How do you know if you’re “The Interrupter”? A few good questions to ask:
1. Am I formulating my response and not listening to the heart of the personspeaking?
2. Am I stuttering to get a word in edge-wise?
3. Am I saying “Uh huh” or “Yeah” to try to get into the conversation?
4. Ask a few trusted friends: “Do I have a habit of interrupting? Do you feel like I hear you out when you speak?”
Interrupting isn’t merely a problem of feeling like you’re not going to be heard - it’s a heart of pride that needs to be shaped by the gospel of a Savior who gave up his rights, who was silent before his accusers, and trusted his Father to vindicate him.
So stop. Confess. And listen to your Father in his Word. And find the power of the cross more ready to help you than you are ready to interrupt!
Tim Keller on how satisfaction with Jesus fuels marriage:
The simple fact is that only if I love Jesus more than my wife will i be able to serve her needs ahead of my own. Only if my emotional tank is filled with love from God will I be able to be patient, faithful, tender, and open with my wife when things are not going well in life or in the relationship. And the more joy I get from my relationship with Christ, the more I can share that joy with my wife and family.
Nothing stimulates the mind like a couple of good books. In 2011, four books stand out:
1. The Meaning of Marriage by Tim and Kathy Keller. Keller examines Ephesians 5 and shows how the biblical view of marriage gives us the power, mission, and fortitude for a strong marriage. Deconstructing the cultural ideals, the Kellers show that God’s design for marriage is grounded in the good news of Jesus Christ’s sacrifice.
2. Resolving Everyday Conflict by Ken Sande. This little book is the simplified version of The Peacemaker. Sande runs through the 4 G’s to resolving conflict: Glorify God, Get the log out of Your eye, Gently restore, and Go and be reconciled. A great primer for conflict resolution and a great read that our church staff found helpful.
3. Bonhoeffer: Pastor, Martyr, Prophet, Spy by Eric Metaxas. While some areas of this biography may be historically questionable (i.e.: Mexatas’ failure to adequately deal with Bonhoeffer’s “Religiousless Christianity”), the book was inspiring, challenging, and refreshing. I had a hard time putting this one down.
4. What is the Mission of the Church? by Kevin DeYoung and Greg Gilbert. Our elders read and discussed this book, and it provoked a lot of good discussion. This book helped answer a lot of questions and raised a lot more for us in the process. A refreshing read!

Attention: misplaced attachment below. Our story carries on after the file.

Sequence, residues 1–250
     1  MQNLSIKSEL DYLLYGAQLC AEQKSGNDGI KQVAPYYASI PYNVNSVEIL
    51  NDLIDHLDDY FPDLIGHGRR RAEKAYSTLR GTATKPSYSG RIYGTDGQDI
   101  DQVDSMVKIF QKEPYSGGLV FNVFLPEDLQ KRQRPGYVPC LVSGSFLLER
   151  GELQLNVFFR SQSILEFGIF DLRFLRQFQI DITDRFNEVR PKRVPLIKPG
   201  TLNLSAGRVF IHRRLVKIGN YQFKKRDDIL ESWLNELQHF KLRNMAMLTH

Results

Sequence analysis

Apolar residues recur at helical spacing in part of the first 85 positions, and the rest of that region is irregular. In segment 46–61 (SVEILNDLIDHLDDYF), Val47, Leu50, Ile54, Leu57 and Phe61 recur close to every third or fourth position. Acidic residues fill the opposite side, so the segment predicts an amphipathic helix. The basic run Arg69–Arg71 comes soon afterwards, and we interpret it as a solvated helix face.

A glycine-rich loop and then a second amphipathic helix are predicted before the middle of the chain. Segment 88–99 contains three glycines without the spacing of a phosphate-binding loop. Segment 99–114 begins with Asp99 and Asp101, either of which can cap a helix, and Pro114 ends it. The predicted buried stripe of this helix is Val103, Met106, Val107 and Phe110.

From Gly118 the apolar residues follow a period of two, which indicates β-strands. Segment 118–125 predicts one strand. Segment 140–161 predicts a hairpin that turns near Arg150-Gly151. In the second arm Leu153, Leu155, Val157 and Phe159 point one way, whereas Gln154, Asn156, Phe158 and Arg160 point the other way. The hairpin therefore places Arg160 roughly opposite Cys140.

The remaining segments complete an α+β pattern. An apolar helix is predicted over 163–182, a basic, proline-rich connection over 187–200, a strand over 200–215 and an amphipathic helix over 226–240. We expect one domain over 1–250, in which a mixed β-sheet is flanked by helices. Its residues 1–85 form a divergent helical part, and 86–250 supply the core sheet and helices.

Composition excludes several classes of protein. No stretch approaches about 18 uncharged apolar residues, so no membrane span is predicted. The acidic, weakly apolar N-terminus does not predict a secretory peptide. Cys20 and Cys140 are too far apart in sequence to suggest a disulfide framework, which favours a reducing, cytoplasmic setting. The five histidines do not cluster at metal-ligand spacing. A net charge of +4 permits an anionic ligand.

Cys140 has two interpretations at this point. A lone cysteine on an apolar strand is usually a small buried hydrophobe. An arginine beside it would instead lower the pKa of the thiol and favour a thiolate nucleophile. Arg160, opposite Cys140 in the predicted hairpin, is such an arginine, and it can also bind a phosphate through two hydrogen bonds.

For 2012, there are a few books that I’m looking foward to:
Cruciformity. It’s a strange word. When something is cruciform, it’s in the shape of the cross.
In many places, church buildings are designed in the shape of a cross. In the dark ages, soldiers had their swords shaped like a cross to remind them who they fought for. And for Christians throughout the ages, the cross became the definitive symbol woven into fabric, imprinted on shields, and placed in prominence for worship.
But I’ll never forget seeing Michael Gorman’s book entitled Cruciformity: Paul’s Narrative Spirituality of the Cross. The title intrigued me: a spirituality shaped by the cross. I had been thinking about what would shape my spirituality. Working hard? Good deeds? Asceticism? The pursuit of pleasure?
And then I read 1 Corinthians 2. For Paul, he said it well: “For I desired to know nothing among you except Jesus Christ and him crucified” (1 Cor. 2:2). Paul was shaped by the cross. It wasn’t merely a symbol to replicate. It was the very instrument by which his life would be conformed into the image of Christ.
For Paul, all of life was shaped by the cross. Nothing was left untouched. A crucified Messiah changed everything. Consider a few examples:
Marriage - when appealing to believers to show Spirit-filled lives, he describes marriage as husbands loving their wives as Christ loved the Church, giving himself for her.
Generosity - when encouraging the Corinthians to follow through in caring for those in need, he reminded them of God’s greatest gift in Christ - he who was rich became poor so that by his poverty, we might become rich.
And the examples could go on. From hospitality to forgiveness, Paul was shaped by the cross.
Cruciformity, then, is an acknowledgement that the atoning work of Jesus Christ must be the defining shape of our lives. And that’s what this blog is all about.